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Watch Your Mouth: Why Do We Shoplift Meat and Cheese? Meatlifting: The Economics of Shoplifting Meat and Cheese

Meat and cheese tops the charts of shoplifted items. Why do we purloin sirloin and cop Camembert?


This summer, a Pennsylvania man was caught stuffing a pork loin down his pants. Men have also recently slid sirloins into their shorts in South Carolina, Florida, and Australia. Two women rolled off with wheels of gouda from Whole Foods Market in June. An organized gang in Florida drove away with seven tractor-trailers worth of cucumbers, tomatoes, and frozen meat in March. A Texas sting, “Operation Meat Locker,” busted up a ring of modern cattle rustlers who had been shoplifting retail cuts of beef and selling them to local restaurants.

The five-finger discount isn't just showing up on the police beat—it's also reasserted itself more broadly in pop culture. In The New Yorker’s “Money Issue,” Miranda July writes that stealing requires a kind of Zen oneness akin to horse whispering or surfing (she ate through early adulthood by lifting soy products from the supermarket). Shoplifting from American Apparel is practically required reading for Generation Ambivalent. Wendy loses Lucy after unsuccessfully trying to steal dog food. Eater even has a column devoted to “Shit People Steal.”

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Watch Your Mouth: Candy O’Clock

Did daylight savings time change at the behest of the candy lobby?


When American kids prowl the streets next week in search of tiny Tootsie Rolls, baby Baby Ruths, and other child-sized, brand-name treats, they’ll probably set off before the sun sets. Trick-or-treaters can venture out in daylight hours thanks to the work of Congress, which extended Daylight Saving Time four years ago in part to mediate the dangers of night-time trick-or-treating. The move inspired its own urban legend: This was a concerted effort by food marketing lobbyists to reshape time, and stick more candies into kids’ hands.

Deliberately making “clock time" out of sync with “sun time” used to be the stuff of social and scientific satire. In 1784, Benjamin Franklin wrote that burning candles all night would afford Paris a great “savings.” By the 20th century, though, the United States took the issue seriously, enacting temporary changes during World Wars I and II in an effort to save precious resources. Capitalists took notice. The petroleum industry lobbied to reintroduce the shift permanently, but farmers opposed the measure: They wanted neither to lose an hour of early morning light nor mess up their herd’s regular milking times. Petroleum won. Daylight Savings Time took effect in 1966 as part of the Uniform Time Act. It was six months long.

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Watch Your Mouth: The Protest Food of Occupy Wall Street Occupy Wall Street and the Protest Food of Our Generation

The history of countercultural movements can be told through their stomachs. When will this one find its signature protest dish?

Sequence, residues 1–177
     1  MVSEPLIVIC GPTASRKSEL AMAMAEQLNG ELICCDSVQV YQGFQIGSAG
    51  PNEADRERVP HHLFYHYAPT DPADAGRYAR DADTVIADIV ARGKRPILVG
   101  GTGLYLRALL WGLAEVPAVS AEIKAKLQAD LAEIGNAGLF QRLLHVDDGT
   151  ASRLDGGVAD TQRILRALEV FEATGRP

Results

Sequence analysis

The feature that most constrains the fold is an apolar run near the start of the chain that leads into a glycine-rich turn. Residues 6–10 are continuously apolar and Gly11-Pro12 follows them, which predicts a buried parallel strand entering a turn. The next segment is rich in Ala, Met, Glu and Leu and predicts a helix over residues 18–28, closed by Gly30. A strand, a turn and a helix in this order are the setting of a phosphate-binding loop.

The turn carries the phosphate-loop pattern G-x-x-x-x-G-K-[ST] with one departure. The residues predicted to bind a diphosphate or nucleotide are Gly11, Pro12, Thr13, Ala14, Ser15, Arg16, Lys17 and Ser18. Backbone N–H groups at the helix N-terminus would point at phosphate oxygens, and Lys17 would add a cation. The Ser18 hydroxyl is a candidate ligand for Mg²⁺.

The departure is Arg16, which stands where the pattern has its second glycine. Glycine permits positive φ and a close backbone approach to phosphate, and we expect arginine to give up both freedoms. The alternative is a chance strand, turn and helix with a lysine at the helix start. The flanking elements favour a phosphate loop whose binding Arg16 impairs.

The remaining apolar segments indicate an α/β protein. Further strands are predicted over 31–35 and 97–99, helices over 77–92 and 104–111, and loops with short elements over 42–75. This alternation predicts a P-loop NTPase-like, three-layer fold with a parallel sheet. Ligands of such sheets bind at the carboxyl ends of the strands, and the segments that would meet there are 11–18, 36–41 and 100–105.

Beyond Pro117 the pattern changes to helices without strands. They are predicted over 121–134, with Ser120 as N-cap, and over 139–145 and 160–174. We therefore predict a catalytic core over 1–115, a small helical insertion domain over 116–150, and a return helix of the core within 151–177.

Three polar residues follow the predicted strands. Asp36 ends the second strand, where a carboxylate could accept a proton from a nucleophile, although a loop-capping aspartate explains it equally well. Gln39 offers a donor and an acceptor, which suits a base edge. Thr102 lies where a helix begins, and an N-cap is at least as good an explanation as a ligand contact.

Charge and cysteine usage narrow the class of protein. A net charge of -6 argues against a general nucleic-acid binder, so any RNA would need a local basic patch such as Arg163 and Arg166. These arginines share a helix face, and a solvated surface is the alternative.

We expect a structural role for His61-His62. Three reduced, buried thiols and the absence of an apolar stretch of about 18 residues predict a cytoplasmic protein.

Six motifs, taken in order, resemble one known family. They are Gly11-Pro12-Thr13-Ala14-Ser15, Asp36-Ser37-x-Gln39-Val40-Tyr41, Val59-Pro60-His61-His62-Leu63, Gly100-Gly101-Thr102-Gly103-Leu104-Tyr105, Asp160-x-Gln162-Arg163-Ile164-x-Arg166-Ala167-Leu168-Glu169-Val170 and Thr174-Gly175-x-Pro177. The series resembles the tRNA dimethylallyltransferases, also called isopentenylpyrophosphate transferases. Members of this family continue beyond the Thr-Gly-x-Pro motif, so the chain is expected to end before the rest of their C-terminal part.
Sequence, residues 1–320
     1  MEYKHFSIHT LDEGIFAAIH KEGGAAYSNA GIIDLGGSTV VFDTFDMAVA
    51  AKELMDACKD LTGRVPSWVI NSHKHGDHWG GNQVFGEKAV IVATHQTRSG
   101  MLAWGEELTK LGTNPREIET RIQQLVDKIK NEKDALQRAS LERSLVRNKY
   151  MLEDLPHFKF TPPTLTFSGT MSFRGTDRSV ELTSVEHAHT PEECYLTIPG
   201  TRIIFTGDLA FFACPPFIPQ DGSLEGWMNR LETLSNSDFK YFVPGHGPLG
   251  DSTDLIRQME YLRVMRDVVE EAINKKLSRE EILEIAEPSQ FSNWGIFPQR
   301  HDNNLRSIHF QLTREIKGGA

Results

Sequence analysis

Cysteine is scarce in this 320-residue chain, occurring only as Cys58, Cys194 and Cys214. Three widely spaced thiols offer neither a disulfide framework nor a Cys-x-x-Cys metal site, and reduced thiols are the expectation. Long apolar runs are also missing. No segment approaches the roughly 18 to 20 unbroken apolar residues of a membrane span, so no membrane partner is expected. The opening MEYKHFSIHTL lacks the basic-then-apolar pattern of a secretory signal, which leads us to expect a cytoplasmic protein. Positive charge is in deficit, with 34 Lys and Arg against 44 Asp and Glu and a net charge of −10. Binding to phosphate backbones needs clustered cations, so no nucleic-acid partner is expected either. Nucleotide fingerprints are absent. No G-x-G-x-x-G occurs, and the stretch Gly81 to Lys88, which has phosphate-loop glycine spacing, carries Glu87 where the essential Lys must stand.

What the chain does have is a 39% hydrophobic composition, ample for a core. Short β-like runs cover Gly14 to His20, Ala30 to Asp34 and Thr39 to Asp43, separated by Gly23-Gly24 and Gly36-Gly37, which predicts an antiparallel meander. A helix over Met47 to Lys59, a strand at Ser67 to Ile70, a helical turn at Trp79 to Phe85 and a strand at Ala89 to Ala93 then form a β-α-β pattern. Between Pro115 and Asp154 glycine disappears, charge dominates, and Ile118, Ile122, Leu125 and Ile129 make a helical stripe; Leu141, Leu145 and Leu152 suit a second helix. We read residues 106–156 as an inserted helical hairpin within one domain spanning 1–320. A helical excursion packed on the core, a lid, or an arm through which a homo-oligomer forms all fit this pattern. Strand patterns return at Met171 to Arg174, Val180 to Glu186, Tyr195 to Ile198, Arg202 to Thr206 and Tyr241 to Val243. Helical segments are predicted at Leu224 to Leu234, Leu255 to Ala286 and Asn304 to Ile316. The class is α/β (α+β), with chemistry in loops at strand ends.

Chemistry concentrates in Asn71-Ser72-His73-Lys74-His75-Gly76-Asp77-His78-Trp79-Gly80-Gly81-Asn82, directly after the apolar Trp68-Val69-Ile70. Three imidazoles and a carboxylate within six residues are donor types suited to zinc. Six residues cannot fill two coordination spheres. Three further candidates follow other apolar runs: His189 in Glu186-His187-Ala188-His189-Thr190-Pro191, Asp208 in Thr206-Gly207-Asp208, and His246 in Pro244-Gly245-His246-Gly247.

Occupy Wall Street is entering its fourth week of protesting corporate greed from New York City’s Zuccotti Park. Last week, the movement’s ranks swelled above 10,000. That’s a lot of mouths to feed. From the start, Occupy Wall Street’s Food Committee has taken on the logistical challenge of feeding its ever-growing participants by calling for donations, encouraging newcomers to bring food to share, and extolling the virtues of the quick and portable peanut butter sandwich. But the movement has yet to find its signature dish.

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Watch Your Mouth: What Should Food Stamps Subsidize? Should Food Stamps Pay For Junk Food?

The federal food stamp program is about alleviating poverty, not discouraging obesity, so farmers' markets or fatty snacks are both fair game.


Correction appended

In the spring of 1961, Alderson Muncy, a miner from West Virginia, traveled 22 miles to a grocery store where the U.S. Secretary of Agriculture awaited his arrival with a television crew and $95 in food stamps. The food allowance would need to cover meals for the jobless man, his wife, and their 13 children for a month. As Muncy loaded up his Jeep for the trip home, The New York Times reported that he had a shopping cart full of groceries “prominently including vanilla wafers and two boxes of cake mix.”

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Watch Your Mouth: When to Taste—or Toss—Your Leftovers

Federal officials warn you to toss food that's been unrefrigerated for more than four hours. The advice stems from a broth full of Listeria.

Your fridge is off. Your lights are out. Chances are you’re not reading this.

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Watch Your Mouth: Eat Lightly and Carry a Big Fork How Big Forks and Heavy Bowls Help You Eat Less

Bigger forks and heavier bowls might sound supersized, but they could actually cut down on portion sizes.

Between the opening nights of All About Eve and Mean Girls, an average moviegoer’s portion of popcorn increased sevenfold. Starbucks' gut-busting Trenta is more than double the size of its original tall paper cup. The surface area of an average dinner plate is as much as 36 percent larger than it was in 1960. Even some recipes in the most recent edition of The Joy of Cooking, the staple of middle-class kitchens everywhere, expanded 42 percent from their 1931 versions.

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